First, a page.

photo credit: Nina Palazzolo

exterior of das ethiopian

Das Ethiopian



$$$$Perfect For:Fine DiningDate NightVegetariansImpressing Out of Towners
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At first glance, Das Ethiopian looks like any other fancy Georgetown restaurant. Lobbyists and lawyers you’d expect to find in Nancy Pelosi’s dining room sip on honey wine from crystal glasses as busboys swap doro wot stained tablecloths with pristine white ones. Waiters with wicker baskets of injera scan the room ready to pounce at the sight of an empty plate. 

Despite the formality, Das remains true to its roots—and DC’s only-fine dining Ethiopian restaurant is committed to serving simmering platters full of bold colors and perfectly seasoned tibs. And as soon as the food arrives, all things formal go out the window. 

When the vegetarian sampler hits the table, guests roll up their button-down sleeves, ready to grab handfuls—literally—of orange lentils, red beets, and brown berbere-covered cauliflower. 

Elbows and wrists contorted at 45 degree angles make it painfully clear that most of the people in the room aren’t accustomed to eating with their hands. Diners drip lamb tibs onto their birthday outfits, tear off pieces of injera far bigger than they can chew, and try to impress their partner's parents while awkwardly ladling scoops of diced tomatoes and shrimp.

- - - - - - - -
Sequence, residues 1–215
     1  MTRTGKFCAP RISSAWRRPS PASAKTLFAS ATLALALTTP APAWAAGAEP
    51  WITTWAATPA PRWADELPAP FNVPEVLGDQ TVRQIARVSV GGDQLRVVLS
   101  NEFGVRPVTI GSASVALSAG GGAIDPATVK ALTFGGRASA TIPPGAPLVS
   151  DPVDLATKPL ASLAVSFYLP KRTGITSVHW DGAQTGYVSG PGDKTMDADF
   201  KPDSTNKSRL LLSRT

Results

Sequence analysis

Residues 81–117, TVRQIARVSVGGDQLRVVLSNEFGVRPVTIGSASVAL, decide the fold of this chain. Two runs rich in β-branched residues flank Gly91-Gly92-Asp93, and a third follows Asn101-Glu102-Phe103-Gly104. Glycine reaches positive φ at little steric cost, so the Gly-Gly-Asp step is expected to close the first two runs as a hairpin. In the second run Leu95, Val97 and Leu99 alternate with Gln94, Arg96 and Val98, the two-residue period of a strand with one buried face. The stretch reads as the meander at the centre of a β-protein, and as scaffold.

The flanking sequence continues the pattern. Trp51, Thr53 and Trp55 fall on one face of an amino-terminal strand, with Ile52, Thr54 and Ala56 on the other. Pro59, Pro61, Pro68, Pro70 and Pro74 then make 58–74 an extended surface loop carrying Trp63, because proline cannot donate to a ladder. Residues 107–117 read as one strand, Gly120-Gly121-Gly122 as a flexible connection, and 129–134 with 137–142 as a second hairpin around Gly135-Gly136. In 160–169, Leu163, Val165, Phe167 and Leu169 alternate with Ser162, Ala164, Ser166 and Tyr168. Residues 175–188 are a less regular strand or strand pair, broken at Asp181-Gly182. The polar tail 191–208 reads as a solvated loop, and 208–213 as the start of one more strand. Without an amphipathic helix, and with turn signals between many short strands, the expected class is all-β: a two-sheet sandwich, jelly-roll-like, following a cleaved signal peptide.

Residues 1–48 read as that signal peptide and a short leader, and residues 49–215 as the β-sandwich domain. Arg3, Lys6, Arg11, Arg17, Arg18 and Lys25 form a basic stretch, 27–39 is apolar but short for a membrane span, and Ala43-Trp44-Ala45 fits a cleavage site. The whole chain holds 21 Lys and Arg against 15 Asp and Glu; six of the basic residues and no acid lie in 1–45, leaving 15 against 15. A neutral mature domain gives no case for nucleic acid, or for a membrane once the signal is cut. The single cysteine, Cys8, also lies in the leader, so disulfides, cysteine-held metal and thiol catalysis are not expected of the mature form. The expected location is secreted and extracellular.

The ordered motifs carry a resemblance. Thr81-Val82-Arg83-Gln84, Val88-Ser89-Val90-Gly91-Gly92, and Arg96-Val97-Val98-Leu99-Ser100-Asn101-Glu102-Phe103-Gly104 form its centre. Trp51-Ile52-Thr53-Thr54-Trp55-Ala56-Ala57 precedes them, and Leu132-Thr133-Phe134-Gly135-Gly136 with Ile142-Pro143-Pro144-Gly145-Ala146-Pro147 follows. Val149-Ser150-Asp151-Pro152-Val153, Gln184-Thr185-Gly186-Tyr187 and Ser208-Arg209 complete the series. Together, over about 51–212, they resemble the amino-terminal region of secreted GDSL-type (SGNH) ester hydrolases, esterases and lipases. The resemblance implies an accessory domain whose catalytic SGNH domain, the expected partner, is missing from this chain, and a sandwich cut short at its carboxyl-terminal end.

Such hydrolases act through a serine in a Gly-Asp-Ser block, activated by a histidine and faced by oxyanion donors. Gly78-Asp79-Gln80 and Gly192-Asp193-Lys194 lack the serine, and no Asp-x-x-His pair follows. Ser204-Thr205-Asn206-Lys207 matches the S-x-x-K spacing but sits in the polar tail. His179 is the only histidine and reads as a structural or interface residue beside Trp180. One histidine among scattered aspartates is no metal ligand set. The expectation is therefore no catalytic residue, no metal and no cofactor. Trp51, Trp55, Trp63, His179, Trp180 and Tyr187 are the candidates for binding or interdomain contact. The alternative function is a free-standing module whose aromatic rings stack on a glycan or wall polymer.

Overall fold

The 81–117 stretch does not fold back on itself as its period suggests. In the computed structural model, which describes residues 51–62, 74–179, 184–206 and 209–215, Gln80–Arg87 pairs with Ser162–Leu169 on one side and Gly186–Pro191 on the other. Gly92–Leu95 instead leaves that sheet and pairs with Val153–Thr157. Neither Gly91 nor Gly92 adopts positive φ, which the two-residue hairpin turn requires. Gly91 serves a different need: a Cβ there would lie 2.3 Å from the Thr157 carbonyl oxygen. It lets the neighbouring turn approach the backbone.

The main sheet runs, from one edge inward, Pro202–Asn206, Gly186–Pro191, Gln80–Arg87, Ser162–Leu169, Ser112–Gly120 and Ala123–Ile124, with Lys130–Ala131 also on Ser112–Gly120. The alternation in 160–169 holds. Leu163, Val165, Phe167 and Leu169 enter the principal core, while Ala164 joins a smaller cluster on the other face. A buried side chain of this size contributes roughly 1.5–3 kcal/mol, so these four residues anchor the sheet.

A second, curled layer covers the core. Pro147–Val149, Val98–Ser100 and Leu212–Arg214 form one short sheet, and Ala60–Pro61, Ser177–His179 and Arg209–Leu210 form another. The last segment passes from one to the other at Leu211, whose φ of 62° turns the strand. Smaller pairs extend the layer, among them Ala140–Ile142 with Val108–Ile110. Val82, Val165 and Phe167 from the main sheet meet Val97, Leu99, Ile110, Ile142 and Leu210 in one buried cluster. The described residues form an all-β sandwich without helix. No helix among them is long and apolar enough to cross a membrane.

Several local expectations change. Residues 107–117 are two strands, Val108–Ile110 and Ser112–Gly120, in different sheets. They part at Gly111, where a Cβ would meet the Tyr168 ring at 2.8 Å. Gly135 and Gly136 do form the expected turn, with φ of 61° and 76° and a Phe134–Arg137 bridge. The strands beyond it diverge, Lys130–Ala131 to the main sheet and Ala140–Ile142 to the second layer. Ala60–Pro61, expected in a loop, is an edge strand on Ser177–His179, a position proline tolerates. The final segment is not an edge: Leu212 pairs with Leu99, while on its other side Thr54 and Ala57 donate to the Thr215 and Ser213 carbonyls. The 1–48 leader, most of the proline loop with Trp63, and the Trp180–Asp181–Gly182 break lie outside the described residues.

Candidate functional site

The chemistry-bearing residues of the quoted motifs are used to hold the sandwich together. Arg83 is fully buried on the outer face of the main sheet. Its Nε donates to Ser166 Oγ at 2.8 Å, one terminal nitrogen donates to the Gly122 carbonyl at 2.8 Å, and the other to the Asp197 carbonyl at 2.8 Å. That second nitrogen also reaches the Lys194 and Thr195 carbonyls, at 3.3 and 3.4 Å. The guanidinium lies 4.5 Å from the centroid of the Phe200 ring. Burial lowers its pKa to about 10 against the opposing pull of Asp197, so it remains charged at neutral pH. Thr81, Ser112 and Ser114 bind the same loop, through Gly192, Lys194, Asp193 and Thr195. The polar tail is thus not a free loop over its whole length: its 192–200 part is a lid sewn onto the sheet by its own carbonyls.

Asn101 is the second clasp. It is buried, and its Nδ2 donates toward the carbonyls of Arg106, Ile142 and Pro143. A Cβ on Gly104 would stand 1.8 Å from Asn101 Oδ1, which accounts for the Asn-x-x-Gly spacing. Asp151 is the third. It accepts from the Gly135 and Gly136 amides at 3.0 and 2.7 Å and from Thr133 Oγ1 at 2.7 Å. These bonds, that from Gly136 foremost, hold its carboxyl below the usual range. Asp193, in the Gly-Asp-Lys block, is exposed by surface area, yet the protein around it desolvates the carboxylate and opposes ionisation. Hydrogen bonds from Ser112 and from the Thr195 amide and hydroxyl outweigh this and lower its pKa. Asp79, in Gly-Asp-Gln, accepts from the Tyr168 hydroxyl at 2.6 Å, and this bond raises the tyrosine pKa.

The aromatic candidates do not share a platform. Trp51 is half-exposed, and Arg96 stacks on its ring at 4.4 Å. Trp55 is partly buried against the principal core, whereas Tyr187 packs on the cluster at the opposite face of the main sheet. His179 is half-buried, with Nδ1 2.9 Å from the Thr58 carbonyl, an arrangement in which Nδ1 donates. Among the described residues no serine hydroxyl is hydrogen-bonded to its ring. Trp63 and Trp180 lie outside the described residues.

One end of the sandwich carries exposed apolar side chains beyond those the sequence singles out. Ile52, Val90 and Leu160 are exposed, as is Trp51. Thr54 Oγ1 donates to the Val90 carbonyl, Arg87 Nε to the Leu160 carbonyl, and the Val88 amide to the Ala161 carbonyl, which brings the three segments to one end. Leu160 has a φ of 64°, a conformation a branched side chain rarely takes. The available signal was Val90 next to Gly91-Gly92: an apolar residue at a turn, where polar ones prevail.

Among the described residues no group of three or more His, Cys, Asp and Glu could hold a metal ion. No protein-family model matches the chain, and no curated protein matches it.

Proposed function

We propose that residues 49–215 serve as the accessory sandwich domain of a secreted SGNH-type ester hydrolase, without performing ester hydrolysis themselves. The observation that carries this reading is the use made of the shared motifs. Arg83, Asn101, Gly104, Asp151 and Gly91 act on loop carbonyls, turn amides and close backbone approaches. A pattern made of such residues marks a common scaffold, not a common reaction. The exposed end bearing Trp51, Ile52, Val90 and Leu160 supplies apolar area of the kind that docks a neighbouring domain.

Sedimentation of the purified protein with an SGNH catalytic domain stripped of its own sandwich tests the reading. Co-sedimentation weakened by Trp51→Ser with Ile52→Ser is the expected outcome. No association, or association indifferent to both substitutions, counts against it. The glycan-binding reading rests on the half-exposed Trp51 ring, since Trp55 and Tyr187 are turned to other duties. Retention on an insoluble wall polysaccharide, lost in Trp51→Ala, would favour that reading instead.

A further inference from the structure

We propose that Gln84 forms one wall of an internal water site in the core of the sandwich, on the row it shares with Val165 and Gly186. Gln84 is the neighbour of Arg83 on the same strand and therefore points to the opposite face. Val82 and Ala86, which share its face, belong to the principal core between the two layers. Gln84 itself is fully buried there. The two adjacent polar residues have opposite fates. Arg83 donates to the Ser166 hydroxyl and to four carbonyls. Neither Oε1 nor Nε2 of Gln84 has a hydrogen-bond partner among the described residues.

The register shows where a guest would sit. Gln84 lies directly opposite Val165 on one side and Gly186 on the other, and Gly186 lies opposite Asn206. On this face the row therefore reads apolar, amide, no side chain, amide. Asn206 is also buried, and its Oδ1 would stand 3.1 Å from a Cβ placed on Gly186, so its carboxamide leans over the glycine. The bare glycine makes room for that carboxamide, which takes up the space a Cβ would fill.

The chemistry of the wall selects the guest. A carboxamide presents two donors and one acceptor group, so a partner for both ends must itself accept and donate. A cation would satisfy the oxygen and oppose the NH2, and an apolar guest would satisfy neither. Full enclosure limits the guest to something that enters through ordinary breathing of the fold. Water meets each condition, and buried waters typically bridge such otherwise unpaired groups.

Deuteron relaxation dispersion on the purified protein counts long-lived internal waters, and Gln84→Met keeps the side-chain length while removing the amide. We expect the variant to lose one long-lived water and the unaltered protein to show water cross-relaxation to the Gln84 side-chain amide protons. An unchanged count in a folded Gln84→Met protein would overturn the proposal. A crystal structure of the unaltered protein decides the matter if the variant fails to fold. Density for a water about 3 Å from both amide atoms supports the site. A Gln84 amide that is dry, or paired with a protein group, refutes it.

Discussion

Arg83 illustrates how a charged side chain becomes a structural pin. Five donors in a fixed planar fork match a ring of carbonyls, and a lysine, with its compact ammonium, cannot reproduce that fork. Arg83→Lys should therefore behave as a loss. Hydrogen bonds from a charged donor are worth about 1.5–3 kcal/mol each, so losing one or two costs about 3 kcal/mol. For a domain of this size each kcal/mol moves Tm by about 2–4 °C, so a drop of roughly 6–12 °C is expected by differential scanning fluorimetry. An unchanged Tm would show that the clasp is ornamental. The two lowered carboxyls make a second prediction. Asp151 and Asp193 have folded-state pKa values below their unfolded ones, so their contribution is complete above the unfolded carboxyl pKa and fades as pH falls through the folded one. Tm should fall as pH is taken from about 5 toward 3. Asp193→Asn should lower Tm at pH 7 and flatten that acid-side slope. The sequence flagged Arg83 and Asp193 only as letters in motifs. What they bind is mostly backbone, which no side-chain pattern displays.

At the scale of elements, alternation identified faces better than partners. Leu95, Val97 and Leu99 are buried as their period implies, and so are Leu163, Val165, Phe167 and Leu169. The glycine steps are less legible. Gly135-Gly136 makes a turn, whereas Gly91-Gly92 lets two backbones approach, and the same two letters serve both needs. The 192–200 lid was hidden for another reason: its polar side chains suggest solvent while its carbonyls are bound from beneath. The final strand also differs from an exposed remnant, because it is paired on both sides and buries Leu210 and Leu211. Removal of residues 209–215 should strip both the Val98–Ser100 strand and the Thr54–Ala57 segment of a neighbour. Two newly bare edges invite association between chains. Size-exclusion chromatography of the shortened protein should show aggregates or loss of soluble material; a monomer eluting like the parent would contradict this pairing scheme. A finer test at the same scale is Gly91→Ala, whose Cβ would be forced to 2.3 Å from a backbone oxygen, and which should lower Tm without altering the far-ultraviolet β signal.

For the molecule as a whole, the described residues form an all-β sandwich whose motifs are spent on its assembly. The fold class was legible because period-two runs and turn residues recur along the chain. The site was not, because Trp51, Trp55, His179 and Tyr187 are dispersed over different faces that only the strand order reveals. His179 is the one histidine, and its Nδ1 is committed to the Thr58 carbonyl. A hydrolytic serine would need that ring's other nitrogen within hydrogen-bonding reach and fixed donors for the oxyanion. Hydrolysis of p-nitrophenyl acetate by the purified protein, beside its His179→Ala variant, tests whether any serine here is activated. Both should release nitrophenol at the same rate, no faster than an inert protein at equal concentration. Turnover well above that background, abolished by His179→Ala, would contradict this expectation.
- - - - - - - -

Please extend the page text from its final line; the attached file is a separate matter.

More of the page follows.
While it might seem inelegant to the untrained eye, it’s a reminder that good food is worth an extra trip to the dry cleaners.  

Georgetown’s only Ethiopian restaurant proves you don’t need an Emily Post’s place setting to give diners an intimate, fine-dining experience. It might just be the only place in Georgetown where you can charm your date and embarrass yourself, all in one fell swoop, and that’s what makes Das so special. Regardless of the glitz and the glamor, the restaurant stays true to the basics of Ethiopian dining—transforming the formal restaurant into a family dinner—stained shirts and all.  

Food Rundown

Shrimp Tibs

This appetizer is meant to be eaten in one bite, but you’re going to want more. Luckily, they also offer the berbere-covered shrimp as an entree. It’s served with sauteed onions, peppers, and garlic on pillowy injera.

Tomato Salad

Though it’s listed under the salads, this dish is more of an appetizer and like the Shrimp Tibs is meant to be eaten in small bites. It’s so bright and fresh, you can feel the crispness as you chew the chopped tomatoes and bell peppers drizzled in lemon dressing.

Vegetarian Sampler

If you’re indecisive (or just want to try a little bit of everything), get the vegetarian sampler. It includes six different dishes including the shiro wat, red lentils and cabbage tossed in ginger and garlic.

Lamb Tibs

The lamb tibs are the best in the city. Lightly seasoned cubed cuts of lamb, tossed with onions and bell peppers, feel like they were meant to be wrapped in spools of injera and plopped in your mouth—because they were.

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Suggested Reading

The Best Ethiopian Restaurants In DC image

The Best Ethiopian Restaurants In DC

DC is home to the largest Ethiopian community in the country.

Letena Ethiopian Restaurant image
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